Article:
How about a direct comparison with his backups.  In 2007-08 his goals against average per 20 minutes was significantly worse than Craig Anderson’s (0.949 for Vokoun, 0.538 for Anderson) while Anderson’s opponents had a slightly better goals for per 20 minutes (0.678 vs 0.671).  In 2008-09 Vokoun had a much better season giving up 0.697 goals per 20 minutes compared to Anderson’s 0.896 though Anderson played against slightly better offensive competition.  In 2009-10 Vokoun had a much better goals against than Clemmensen (0.621 vs 1.058) but played against weaker competition as well (OppGF20 of .714 vs 0.743 for Clemmensen’s opponents).  Generally speaking Tomas Vokoun had a very weak 2007-08 season but much better 2008-09 and 2009-10 seasons even though he always seemed to play against weaker offensive opponents.

In terms of my Hockey Analysis Ratings, Tomas Vokoun ranked 16th out of 35 goalies in 2007-10 HARD and 18th in 2007-10 HARD+ rankings.  Middle of the pack.  The seasonal breakdown positioned him 35th of 38 in HARD+ for goalies with 500+ minutes in 2007-08, 19th of 35 in 2008-09, and 6th of 37 in 2009-10.  So far this season he is closer to the bottom again.

Is Tomas Vokoun an elite goalie, or even great goalie?  Probably not.  He just posts good save percentages because his team gives up a lot of shots, but not necessarily quality scoring chances, and he plays against weak offensive competition.

Introducing New Stats Site

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Dec 152010
 

I have been pretty quiet here recently not because of a lack of things I want to write about but because I needed to get my stats site up and running first so I can reference it in my writings.  Plus, getting my stats site up has been on my todo list for a real long time.  There will be a lot more stats to come including my with/against on ice pairing stats which I had up a season or two ago and many of you found interesting as well as team stats but for now let me explain what is there.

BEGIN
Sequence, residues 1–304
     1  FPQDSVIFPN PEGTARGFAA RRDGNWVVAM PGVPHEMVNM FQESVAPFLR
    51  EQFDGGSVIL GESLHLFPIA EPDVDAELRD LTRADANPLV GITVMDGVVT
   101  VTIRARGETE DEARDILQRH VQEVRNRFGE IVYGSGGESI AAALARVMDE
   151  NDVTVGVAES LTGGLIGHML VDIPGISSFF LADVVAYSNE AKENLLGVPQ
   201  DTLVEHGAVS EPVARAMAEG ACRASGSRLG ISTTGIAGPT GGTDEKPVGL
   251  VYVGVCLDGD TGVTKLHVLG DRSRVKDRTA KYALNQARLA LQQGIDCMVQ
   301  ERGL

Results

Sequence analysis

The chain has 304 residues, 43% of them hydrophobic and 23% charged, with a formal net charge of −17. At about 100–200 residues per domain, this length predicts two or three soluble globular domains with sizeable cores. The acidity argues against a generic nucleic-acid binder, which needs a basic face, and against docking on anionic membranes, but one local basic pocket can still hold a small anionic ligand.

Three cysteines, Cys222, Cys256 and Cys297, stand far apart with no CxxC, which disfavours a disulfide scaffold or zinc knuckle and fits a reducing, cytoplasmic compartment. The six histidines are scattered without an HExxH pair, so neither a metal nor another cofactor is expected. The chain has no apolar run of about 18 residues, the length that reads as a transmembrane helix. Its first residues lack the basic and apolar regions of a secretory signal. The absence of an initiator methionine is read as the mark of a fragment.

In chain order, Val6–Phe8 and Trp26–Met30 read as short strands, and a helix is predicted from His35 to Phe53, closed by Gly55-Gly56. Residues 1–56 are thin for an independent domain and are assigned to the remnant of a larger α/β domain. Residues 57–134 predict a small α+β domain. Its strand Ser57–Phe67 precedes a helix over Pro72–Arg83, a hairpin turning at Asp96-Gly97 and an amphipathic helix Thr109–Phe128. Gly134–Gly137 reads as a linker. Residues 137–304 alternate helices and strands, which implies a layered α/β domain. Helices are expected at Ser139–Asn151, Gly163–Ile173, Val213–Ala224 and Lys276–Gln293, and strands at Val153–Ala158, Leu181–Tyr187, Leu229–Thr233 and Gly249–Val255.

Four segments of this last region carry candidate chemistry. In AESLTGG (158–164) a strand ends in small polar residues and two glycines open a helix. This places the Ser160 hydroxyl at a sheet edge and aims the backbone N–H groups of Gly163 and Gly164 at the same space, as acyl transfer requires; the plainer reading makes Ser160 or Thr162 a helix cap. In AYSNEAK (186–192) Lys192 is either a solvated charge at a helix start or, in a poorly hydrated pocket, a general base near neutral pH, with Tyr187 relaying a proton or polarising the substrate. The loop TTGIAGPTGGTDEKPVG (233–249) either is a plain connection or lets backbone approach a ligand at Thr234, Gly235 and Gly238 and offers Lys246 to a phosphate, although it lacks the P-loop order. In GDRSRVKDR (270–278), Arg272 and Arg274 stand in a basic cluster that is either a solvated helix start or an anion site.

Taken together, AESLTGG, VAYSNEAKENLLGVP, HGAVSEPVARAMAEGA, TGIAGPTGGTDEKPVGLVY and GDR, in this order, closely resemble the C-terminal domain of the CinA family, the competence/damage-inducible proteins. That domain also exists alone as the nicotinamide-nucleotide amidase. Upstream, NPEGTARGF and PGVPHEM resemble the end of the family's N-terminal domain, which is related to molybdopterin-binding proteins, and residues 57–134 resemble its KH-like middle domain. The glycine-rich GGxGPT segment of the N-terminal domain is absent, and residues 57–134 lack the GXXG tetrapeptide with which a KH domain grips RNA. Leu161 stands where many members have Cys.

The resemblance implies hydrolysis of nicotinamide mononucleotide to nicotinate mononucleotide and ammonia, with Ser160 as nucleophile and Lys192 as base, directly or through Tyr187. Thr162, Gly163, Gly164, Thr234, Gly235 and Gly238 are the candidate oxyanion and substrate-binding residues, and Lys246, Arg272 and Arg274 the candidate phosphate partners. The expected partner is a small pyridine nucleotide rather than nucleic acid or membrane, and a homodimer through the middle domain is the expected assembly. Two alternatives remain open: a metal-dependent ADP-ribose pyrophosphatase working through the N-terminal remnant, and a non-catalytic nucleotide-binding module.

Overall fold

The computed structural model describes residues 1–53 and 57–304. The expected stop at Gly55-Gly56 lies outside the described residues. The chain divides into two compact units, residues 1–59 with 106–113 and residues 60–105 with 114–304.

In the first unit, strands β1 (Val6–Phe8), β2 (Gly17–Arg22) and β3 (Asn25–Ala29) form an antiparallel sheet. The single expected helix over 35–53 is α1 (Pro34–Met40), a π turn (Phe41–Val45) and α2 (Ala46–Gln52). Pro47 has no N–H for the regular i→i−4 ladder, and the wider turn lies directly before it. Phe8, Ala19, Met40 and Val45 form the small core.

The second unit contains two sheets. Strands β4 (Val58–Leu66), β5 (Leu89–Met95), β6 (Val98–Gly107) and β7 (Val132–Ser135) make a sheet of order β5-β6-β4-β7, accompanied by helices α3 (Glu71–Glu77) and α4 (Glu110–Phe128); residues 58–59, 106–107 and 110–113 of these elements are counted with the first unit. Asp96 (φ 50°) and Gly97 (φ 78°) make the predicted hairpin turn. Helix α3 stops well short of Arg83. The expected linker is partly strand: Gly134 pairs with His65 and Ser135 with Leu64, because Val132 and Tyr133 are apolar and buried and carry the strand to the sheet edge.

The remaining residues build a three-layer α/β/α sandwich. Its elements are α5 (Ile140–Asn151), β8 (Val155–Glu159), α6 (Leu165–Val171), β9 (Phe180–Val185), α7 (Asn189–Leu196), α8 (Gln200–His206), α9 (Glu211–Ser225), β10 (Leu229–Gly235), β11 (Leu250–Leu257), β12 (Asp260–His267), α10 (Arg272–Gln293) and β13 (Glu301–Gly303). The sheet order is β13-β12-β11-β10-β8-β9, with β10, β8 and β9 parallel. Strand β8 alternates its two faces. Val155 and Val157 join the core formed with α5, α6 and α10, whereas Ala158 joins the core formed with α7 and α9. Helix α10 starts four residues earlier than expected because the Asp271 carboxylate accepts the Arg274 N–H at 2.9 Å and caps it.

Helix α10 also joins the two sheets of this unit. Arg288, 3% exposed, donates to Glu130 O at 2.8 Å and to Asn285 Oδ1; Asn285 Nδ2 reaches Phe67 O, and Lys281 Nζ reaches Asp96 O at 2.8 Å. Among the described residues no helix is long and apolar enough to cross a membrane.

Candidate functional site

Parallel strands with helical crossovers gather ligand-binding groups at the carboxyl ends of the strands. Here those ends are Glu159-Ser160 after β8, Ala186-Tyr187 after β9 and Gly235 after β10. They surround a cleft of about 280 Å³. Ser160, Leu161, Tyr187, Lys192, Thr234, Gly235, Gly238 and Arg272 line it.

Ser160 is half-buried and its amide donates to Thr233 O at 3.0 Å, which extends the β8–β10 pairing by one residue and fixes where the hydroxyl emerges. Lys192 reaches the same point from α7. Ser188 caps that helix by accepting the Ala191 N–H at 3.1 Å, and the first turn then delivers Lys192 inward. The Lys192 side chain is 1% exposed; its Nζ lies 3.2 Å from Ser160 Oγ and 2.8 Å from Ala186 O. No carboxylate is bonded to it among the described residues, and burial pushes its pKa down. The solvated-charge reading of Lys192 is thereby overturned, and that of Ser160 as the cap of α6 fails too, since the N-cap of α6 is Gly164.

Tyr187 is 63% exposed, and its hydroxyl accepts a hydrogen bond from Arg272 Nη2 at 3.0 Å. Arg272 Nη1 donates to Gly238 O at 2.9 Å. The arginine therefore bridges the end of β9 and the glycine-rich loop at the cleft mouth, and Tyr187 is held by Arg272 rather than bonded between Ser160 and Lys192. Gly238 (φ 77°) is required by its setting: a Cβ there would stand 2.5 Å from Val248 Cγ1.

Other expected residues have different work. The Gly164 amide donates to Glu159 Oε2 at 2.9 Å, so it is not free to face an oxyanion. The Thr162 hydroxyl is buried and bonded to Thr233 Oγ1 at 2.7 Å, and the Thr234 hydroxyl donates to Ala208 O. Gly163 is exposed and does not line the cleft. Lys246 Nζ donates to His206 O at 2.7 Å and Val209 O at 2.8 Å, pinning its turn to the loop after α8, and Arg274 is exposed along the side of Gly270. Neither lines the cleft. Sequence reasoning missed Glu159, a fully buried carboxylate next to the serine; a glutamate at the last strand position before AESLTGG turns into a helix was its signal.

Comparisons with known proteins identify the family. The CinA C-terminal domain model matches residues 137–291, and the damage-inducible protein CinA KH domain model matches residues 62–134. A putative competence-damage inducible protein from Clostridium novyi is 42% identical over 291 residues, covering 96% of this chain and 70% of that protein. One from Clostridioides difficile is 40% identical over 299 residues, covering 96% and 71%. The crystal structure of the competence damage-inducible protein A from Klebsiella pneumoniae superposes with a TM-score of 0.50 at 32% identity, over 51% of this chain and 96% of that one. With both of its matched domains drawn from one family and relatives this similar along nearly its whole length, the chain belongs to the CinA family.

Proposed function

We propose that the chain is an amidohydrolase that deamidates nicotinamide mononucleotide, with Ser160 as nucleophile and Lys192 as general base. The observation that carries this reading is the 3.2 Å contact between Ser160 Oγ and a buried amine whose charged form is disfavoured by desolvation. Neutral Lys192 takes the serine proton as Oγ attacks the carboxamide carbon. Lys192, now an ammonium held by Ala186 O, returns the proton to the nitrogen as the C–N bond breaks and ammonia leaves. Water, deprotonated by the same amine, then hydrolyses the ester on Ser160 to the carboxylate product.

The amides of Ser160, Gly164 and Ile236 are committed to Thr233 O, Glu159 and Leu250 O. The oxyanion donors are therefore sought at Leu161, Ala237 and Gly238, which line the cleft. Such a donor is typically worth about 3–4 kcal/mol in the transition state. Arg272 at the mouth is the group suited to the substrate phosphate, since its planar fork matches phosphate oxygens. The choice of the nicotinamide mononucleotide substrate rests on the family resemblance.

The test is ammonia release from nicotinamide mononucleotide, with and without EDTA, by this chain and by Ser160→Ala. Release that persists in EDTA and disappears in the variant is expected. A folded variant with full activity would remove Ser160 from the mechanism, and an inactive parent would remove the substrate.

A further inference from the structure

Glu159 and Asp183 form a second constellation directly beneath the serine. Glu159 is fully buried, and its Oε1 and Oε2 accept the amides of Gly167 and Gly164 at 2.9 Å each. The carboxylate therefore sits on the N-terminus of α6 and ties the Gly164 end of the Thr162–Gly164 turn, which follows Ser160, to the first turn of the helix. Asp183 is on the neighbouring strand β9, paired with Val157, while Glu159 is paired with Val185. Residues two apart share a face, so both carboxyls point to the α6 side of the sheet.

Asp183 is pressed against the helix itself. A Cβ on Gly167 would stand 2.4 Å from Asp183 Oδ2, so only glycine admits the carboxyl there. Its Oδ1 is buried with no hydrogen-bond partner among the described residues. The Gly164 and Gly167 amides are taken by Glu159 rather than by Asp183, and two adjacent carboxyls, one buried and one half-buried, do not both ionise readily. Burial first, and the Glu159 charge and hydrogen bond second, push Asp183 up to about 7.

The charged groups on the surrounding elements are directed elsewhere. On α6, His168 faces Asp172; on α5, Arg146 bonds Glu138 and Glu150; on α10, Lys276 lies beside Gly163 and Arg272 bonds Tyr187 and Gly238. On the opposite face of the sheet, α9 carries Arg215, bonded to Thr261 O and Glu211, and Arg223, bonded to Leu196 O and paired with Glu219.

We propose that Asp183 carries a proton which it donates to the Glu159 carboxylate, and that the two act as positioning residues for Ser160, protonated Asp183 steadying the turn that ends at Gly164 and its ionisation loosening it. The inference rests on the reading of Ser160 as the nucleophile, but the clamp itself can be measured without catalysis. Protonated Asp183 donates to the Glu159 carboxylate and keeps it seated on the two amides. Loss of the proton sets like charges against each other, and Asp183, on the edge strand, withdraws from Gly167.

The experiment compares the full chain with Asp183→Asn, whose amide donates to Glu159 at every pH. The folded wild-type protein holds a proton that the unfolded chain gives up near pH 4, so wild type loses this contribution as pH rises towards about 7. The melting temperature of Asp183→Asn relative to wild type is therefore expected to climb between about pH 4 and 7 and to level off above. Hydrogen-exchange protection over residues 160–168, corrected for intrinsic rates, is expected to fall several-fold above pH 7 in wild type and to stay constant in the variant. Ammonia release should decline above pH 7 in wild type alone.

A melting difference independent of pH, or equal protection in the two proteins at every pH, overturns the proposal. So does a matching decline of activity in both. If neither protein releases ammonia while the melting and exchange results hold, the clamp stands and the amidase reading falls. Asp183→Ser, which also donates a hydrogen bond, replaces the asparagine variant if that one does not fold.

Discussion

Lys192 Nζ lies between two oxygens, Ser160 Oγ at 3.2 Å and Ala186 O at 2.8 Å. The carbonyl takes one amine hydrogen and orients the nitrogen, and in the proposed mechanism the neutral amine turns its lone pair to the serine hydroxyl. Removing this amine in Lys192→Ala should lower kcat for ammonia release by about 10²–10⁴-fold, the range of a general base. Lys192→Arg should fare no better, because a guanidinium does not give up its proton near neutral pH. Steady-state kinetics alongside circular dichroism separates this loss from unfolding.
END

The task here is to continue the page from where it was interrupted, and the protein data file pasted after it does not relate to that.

What you will find there now is my player rating system which produces the following ratings:

HARD – Hockey Analysis Rating – Defense

HARO – Hockey Analysis Rating – Offense

HART – Hockey Analysis Rating – Total

HARD+ – Hockey Analysis Rating – Defense

HARO+ – Hockey Analysis Rating – Offense

HART+ – Hockey Analysis Rating – Total

HARD is the defensive rating and is calculated by taking expected goals against while on the ice and dividing it by actual goals against while on the ice.  The expected goals against is calculated by taking the average of a players team mates goals against per 20 minutes (TMGA20) and averaging it with the players opposition goals for per 20 minutes (OppGF20).  Similarly HARO is calculated by taking a players actual goals for while on the ice and dividing it by the expected goals against while on the ice.  For both, a rating above 1.00 means that the player helped the team perform better than expected when he was on the ice where as a rating below 1.00 means the player hurt the teams performance when he was on the ice.  HART is just an average of HARD and HARO.